People v. Halliday, 139 Ill. App. 3d 500 (1985)

Dec. 18, 1985 · Illinois Appellate Court · No. 5-84-0633
139 Ill. App. 3d 500

THE PEOPLE OF THE STATE OF ILLINOIS, Plaintiff-Appellee, v. LARRY J. HALLIDAY, Defendant-Appellant.

Fifth District

No. 5-84-0633

Opinion filed December 18, 1985.

Randy E. Blue and Michelle A. Zalisko, both of State Appellate Defender’s Office, of Mt. Vernon, for appellant.

John R. Clemons, State’s Attorney, of Murphysboro (Kenneth R. Boyle

*501and Stephen E. Norris, both of State’s Attorneys Appellate Service Commission, of counsel), for the People.


delivered the opinion of the court:

The issue defendant presents for review is whether, in defendant’s trial for involuntary manslaughter, the trial court erred by refusing to give defendant’s tendered jury instruction defining negligence.

We note at the outset that the offense with which the defendant was charged, involuntary manslaughter, requires the State to show that the perpetrator’s mental state was one of recklessness. (Ill. Rev. Stat. 1983, ch. 38, par. 9 — 3.) Defendant’s theory, however, is that his acts were negligent, with the result that he is not guilty of involuntary manslaughter. The Illinois criminal statutes define negligence as the failure to be aware of a substantial and unjustifiable risk (Ill. Rev. Stat. 1983, ch. 38, par. 4 — 7), while recklessness is defined as the conscious disregard of such risk (Ill. Rev. Stat. 1983, ch. 38, par. 4 — 6). The instruction tendered by the defendant, Illinois Pattern Jury Instruction, Criminal, No. 5.02 (2d ed. 1981), essentially repeats the Illinois statutory definition of negligence. The Illinois Supreme Court has held that “[cjriminal liability cannot be predicated upon every act carelessly performed merely because such carelessness results in the death of another. Negligence, to become criminal, must necessarily be reckless or wanton and of such a character as to show an utter disregard of the safety of others under circumstances likely to cause injury.” (People v. Sikes (1927), 328 Ill. 64, 74, 159 N.E. 293, 297.) Since it is evident that simple negligence cannot form the basis for a homicide prosecution in Illinois, the defendant employs his negligence argument to show that he was not reckless and, therefore, not guilty.

The defendant relies on the well-accepted rule that the jury in a criminal case should be instructed as to any theory of the case that may reasonably be inferred from the facts. (People v. Fryman (1954), 4 Ill. 2d 224, 122 N.E.2d 573.) Since the defendant here claims that the shooting was the result of his negligence, he argues that so long as the alleged negligence can be inferred from the record, he was entitled to an instruction on that theory, even if the quantum of evidence in support of that theory was slight. People v. Stamps (1982), 108 Ill. App. 3d 280, 297, 438 N.E .2d 1282,1296.

The State responds that a defendant is never entitled to a negligence instruction in a homicide prosecution because such instruction is an inverted way of instructing the jury regarding the elements of the offense and is unnecessary. The State relies on the case of People v. Witherspoon (1973), 55 Ill. 2d 18, 302 N.E.2d 3, which held that there *502was no need to instruct the jury as to the former defense of “death by misadventure” since that defense was no longer the law in Elinois and the instruction served merely to tell the jury to find the defendant not guilty if the mental state required for the charged offense was lacking. According to the State, the defendant here attempts to revive the issue disposed of in Witherspoon by calling it negligence rather than “death by misadventure.” It is the State’s position that since the jury was properly instructed as to the elements of the offense, the giving of a negligence instruction would merely have been an unnecessary, inverted instruction regarding recklessness that would have, in all likelihood, confused the jury.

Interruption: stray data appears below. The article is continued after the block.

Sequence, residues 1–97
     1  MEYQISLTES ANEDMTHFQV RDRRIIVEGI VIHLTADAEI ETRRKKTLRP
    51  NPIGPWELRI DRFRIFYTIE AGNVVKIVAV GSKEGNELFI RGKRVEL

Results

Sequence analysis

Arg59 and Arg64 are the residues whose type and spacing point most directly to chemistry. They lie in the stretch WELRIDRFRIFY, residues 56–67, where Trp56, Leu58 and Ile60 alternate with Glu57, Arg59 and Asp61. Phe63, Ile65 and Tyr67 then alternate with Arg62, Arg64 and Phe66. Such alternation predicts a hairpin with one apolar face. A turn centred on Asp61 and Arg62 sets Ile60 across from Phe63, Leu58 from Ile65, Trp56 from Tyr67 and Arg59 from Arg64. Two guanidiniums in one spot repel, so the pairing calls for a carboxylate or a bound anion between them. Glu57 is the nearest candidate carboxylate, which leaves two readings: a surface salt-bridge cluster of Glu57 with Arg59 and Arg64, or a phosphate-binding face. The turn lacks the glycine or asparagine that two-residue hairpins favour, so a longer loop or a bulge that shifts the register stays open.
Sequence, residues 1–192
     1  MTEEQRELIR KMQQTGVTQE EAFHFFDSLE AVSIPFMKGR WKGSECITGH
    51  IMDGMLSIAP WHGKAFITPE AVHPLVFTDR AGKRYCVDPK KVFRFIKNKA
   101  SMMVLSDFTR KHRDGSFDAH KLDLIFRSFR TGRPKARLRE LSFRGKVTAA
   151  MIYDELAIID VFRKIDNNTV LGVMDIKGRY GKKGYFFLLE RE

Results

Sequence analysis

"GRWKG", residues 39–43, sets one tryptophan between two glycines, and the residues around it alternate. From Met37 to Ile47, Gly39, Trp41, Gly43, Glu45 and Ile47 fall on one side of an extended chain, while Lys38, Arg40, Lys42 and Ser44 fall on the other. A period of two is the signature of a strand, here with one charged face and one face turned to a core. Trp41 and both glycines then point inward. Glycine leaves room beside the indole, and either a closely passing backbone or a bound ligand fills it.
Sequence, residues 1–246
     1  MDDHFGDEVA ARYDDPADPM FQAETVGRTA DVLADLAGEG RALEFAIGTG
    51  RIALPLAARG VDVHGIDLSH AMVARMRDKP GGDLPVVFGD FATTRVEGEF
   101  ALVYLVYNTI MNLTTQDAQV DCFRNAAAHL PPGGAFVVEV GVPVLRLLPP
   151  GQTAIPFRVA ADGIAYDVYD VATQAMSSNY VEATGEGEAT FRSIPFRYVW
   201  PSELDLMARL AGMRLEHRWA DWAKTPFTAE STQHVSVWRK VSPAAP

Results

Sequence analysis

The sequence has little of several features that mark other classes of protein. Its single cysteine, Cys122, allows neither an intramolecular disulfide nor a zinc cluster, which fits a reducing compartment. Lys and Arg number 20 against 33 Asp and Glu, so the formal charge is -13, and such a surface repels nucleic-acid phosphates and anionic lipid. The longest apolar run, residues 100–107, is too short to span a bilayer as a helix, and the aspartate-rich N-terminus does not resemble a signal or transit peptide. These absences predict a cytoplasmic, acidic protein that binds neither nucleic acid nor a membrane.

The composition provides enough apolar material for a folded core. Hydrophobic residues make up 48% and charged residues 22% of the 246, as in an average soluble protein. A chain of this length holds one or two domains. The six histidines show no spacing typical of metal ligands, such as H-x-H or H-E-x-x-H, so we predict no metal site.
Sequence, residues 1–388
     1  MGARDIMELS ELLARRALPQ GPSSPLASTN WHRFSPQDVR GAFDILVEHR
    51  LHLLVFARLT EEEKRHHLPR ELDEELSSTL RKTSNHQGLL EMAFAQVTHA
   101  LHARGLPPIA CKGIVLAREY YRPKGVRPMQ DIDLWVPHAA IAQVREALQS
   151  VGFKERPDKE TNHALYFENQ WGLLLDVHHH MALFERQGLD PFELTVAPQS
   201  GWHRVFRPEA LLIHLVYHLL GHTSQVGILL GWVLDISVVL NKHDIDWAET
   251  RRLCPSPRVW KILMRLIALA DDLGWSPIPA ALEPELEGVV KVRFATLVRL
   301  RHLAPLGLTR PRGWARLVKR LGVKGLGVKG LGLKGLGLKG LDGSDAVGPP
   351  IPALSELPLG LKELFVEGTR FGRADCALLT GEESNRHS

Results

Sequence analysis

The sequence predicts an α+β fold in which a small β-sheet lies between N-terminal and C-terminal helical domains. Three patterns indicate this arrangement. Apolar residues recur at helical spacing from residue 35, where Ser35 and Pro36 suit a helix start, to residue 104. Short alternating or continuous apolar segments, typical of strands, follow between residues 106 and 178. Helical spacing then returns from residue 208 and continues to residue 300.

It must be kept in mind that the thrust of defendant’s case, as presented to the jury, was that he did not possess the requisite reckless intent to cause the victim’s death. However, an instruction defining recklessness was before the jury and, based on that definition, the jury was capable of finding that defendant either did or did not possess the required mental state of recklessness. At best, the tendered instruction tells the jury to find the defendant not guilty if the mental state of recklessness is lacking. It does not add anything but a negative, inverted instruction on recklessness despite the presence of an instruction which does in fact define the required mental state of recklessness. Moreover, as urged by the State, the negligence instruction offered here did nothing more than define the term negligence. No explanation for the inclusion of that definition was given so that the jury, in all likelihood, would not have understood the intended purpose of the inclusion of such an instruction. The tendered negligence instruction would have done no more than to tell the jury to find the defendant not guilty if he did not possess the requisite reckless mental state. The instructions that were actually given to the jury did that. Therefore, the negligence instruction would not have aided the jury in determining whether defendant lacked the requisite mental state since the instructions that were given set forth the elements of the offense, and those elements do not include negligence.

We must conclude that the trial court’s failure to give the defendant’s tendered instruction on negligence was not error, and therefore affirm the judgment of the circuit court of Jackson County.


WELCH and JONES, JJ., concur.